IT is one of the remarkable sites in Scotland's capital, an historic mount topped with stone monuments to war, heroism, philosophy and architecture.

Now Calton Hill has a new attraction - and one with culture and the contemporary as its focus - for those who wish to climb the steep paths to its peak: an art gallery, Collective, and a refurbished City Observatory.

Kate Gray, the director of the Collective, which was formed in 1984 to promote new artists in the city, said she hopes 150,000 people will visit the complex of buildings in the coming year and see its contemporary art shows in the coming years.

Opposite the unfinished National Monument, the unfinished Parthenon-like structure built to honour the soldiers of the Napoleonic Wars, Collective has taken over the site of the City Observatory, designed by William Playfair in 1818, and the City Dome, which is now a circular art gallery.

The Observatory has been refurbished as part of the £4.5m project undertaken with the City of Edinburgh Council, and is now open to the public for the first time in 200 years.

READ MORE: From Arts News - Collective Gallery takes shape.

Collective have also built a new restaurant, which overhangs the hilltop, called The Lookout, which is being run by local restaurateurs Gardener's Cottage: the restaurant, with glass walls, provides panoramic views over the city and the Firth of Forth.

Also new is The Hillside, a new contemporary art gallery which has been built into the hill: all the galleries and the Observatory are free to enter.

Ms Gray said that the opening of Collective, nine years in the making and delayed until the winter this year, is an important moment for the gallery, but also Calton Hill and contemporary art in the city.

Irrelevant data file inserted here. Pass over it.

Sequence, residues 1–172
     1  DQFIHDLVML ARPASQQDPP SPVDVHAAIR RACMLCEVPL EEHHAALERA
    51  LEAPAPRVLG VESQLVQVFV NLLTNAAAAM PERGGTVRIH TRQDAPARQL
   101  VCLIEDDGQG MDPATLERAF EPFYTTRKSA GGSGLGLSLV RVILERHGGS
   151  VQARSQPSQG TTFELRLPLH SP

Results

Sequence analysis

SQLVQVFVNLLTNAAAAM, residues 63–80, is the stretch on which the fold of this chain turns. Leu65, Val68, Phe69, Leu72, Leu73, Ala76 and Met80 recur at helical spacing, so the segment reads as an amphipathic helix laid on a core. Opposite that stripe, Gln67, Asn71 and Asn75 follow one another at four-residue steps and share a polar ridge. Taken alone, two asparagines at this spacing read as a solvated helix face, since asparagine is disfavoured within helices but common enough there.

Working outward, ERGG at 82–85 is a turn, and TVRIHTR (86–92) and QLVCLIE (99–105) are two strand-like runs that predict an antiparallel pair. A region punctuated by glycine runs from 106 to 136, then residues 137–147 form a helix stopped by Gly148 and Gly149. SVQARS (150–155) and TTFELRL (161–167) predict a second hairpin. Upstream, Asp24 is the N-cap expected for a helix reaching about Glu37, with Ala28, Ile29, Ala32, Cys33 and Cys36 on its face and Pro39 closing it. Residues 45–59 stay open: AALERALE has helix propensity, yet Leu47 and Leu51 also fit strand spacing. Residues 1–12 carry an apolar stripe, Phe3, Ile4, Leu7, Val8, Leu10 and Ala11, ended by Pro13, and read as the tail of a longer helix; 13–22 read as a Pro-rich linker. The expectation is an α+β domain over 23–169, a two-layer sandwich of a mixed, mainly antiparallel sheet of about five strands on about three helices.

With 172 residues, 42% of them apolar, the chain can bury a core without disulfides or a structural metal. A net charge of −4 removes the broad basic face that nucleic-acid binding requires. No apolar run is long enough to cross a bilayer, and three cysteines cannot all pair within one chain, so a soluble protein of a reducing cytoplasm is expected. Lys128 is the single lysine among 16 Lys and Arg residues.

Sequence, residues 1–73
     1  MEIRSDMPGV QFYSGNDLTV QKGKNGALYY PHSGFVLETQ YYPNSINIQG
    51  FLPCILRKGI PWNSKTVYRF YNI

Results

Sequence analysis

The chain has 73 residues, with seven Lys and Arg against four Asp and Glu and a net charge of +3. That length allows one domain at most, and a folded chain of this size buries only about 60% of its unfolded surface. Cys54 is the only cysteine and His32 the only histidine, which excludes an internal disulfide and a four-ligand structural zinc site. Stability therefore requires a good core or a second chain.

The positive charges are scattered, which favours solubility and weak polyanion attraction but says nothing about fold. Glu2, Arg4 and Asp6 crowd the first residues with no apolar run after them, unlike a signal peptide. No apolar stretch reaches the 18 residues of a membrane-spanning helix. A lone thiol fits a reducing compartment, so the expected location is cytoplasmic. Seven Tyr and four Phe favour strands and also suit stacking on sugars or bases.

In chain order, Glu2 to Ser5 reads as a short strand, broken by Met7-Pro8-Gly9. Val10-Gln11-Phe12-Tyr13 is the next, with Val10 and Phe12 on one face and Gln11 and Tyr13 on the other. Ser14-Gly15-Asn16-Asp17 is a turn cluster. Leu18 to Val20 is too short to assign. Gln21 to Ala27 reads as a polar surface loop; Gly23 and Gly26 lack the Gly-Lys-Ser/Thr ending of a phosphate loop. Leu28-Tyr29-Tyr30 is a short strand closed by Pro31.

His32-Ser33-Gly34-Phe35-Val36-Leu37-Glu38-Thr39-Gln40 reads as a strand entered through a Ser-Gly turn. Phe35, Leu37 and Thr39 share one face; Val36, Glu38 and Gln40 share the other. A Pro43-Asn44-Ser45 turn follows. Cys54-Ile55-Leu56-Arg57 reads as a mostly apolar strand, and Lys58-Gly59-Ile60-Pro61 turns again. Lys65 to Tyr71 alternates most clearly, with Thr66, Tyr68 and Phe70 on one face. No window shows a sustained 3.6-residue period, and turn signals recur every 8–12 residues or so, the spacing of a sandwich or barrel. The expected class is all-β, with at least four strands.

She said that Calton Hill is a natural place for visitors to walk, pause, reflect, and view the city from an elevated aspect.

She added: "I feel like we are still doing what was our mission right in the beginning: champion art being made here, bring new work here, show work for the first time and show it all year around.

"What I wanted to keep at the heart of this organisation was making work, and showing of it.

"The City Observatory to me is a great metaphor for the work we do: it is for the city, not for one type of person, and we'd like to think that some people will come and see things, others will find things to do that will be useful in their everyday life.

"I think it is a big change for Edinburgh, but more than a change in profile for one organisation, it is about a different kind of model: it allows the City Council to think about this in different ways.

"What I wanted to achieve, through this, is to show how a homegrown visual arts organisation could be meaningful for the city."

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Collective was established in 1984 and has been commissioning new contemporary art ever since.

Collective has staged exhibitions by Ruth Ewan, Jeremy Deller, Mike Nelson and Claire Barclay, as well as commissioning significant new works by Hito Steyerl, Jessie Jones and Marvin Gaye (now Monster) Chetwynd.